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I Submodules A + B and A intersect B ... Blyth Ch. 2

  1. Aug 15, 2016 #1
    I am reading T. S. Blyth's book "Module Theory: An Approach to Linear Algebra" ... ... and am currently focussed on Chapter 2: Submodules; Intersections and Sums ... ...

    I need help with understanding two claims that Blyth makes concerning submodules ...

    The relevant text is as follows: ( see end of post for other text that may be relevant)



    ?temp_hash=73c4113bcdd90e05481e0782497ccecb.png



    I have two questions concerning the above text ... ...



    Question 1


    In the above text we read:

    " ... ... We know that ##A + B## is the smallest submodule of ##M## that contains both ##A## and ##B##, ... ... "


    My question is: how exactly do we know this ... ? How would we formally and rigorously prove this ... ?



    Question 2


    In the above text we read:

    " ... ... and that ##A \cap B## is the largest submodule contained in both ##A## and ##B##, ... ... "


    My question is: how exactly do we know this ... ? How would we formally and rigorously prove this ... ?


    Hope that someone can help with the above two questions ...

    Peter

    ==============================================================================

    PS Just in case readers need to reference some of Blyth's definitions or theorems in Chapter 2, I am providing the relevant text as follows:


    ?temp_hash=73c4113bcdd90e05481e0782497ccecb.png
    ?temp_hash=73c4113bcdd90e05481e0782497ccecb.png
    ?temp_hash=73c4113bcdd90e05481e0782497ccecb.png
    ?temp_hash=73c4113bcdd90e05481e0782497ccecb.png
    ?temp_hash=73c4113bcdd90e05481e0782497ccecb.png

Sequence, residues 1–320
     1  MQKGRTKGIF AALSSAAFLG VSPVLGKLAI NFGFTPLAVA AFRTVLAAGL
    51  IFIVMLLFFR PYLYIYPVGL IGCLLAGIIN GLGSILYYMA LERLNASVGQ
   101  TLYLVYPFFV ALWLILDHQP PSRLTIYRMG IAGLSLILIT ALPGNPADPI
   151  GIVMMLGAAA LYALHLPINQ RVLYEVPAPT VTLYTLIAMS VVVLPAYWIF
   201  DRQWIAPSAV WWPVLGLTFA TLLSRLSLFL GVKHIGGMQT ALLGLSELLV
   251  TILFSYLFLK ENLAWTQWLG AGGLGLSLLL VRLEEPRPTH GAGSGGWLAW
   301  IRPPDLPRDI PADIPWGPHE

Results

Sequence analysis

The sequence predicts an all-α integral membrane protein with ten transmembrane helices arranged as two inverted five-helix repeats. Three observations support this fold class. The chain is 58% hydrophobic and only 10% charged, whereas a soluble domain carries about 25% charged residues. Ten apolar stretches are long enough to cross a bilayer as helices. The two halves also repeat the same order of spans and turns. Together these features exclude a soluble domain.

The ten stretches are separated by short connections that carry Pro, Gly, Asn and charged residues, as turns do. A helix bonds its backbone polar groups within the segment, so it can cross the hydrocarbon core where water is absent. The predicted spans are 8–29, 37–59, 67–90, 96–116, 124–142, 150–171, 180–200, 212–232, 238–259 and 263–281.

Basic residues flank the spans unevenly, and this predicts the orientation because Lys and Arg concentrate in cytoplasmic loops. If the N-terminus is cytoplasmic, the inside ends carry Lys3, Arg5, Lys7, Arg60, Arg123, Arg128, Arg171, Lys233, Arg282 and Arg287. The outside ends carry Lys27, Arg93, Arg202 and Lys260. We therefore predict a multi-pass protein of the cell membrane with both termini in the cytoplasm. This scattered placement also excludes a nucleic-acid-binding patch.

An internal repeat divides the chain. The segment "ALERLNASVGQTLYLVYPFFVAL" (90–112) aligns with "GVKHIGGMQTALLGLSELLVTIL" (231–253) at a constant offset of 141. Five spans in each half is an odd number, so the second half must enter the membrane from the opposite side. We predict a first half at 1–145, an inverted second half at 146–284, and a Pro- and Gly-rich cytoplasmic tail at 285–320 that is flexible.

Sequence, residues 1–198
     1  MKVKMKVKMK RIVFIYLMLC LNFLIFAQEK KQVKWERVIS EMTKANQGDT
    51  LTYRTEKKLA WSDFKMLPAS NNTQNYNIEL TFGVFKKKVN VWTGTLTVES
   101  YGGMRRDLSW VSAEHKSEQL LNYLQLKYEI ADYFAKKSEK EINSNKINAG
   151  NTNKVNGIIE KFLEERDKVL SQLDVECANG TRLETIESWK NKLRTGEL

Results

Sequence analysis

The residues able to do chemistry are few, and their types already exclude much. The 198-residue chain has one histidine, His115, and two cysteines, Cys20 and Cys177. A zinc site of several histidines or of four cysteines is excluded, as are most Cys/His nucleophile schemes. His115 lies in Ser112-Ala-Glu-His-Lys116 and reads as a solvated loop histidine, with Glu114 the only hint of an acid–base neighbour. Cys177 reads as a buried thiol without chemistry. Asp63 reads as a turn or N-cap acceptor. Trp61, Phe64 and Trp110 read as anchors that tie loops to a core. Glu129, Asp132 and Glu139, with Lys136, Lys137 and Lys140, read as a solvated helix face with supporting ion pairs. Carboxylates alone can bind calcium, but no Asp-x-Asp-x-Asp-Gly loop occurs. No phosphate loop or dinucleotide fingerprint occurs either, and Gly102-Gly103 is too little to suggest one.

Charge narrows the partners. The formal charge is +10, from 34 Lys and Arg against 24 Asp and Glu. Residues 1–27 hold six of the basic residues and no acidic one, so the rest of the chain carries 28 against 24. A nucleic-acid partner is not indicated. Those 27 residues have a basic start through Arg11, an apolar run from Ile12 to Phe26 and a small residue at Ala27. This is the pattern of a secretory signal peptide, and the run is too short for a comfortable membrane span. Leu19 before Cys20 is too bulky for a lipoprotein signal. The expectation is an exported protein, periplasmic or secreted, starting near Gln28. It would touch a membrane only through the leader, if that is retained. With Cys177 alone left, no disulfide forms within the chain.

Attached Files:

  2. jcsd
  3. Aug 16, 2016 #2

    fresh_42

    Staff: Mentor

    How are ##A+B## and ##LC(A\cup B)## related?
    Then given any submodule ##C \subseteq M## which contains both, ##A## and ##B##, does it contain ##LC(A\cup B)##? And why?

    By theorem 2.1 ##A\cap B## is a submodule of ##M##. Then how are ##A\cap B## and ##LC(A\cap B)## related?
    Now given any submodule ##C##, that is contained in ##A## as well as in ##B##, is it contained in ##A\cap B## or ##LC(A\cap B)##? And why?

    And at last: If you know all this about any possible submodule ##C \subseteq M##, what does it tell you?
     
  4. Aug 16, 2016 #3

    andrewkirk

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    Proof of Q1.
    Define [itex]A+B\equiv \{a+b\ :\ a\in A\wedge b\in B\}[/itex]. This is easily shown to be closed under addition and scalar multiplication, and hence a module. It must be a subset of [itex]M[/itex] because [itex]M[/itex] is closed under addition and scalar multiplication and every element of [itex]A+B[/itex] can be expressed as the addition or scalar, multiplication of elements of [itex]A[/itex] and/or [itex]B[/itex], which are elements of [itex]M[/itex].

    Let ##G_A## and ##G_B## be generating sets for ##A## and ##B## respectively. Then, by the definition of [itex]A+B[/itex], [itex]G_A\cup G_B[/itex] is a generating set for [itex]A+B[/itex].

    Let [itex]C[/itex] be a submodule of [itex]M[/itex] that contains [itex]A[/itex] and [itex]B[/itex]. Then [itex]C[/itex] contains both [itex]G_A[/itex] and [itex]G_B[/itex] and hence contains [itex]G_A\cup G_B[/itex]. Any element of [itex]A+B[/itex] is a finite linear combination of elements of [itex]G_A\cup G_B[/itex] and, since that union is in [itex]C[/itex] which, being a module, is closed under finite linear combinations, the element must also be in [itex]C[/itex]. So we have [itex]A+B\subseteq C[/itex].

    I imagine the proof for Q2 may be similar but using intersections of generating sets rather than unions. Why not have a go at that and let me know if you get stuck.

    Andrew
     
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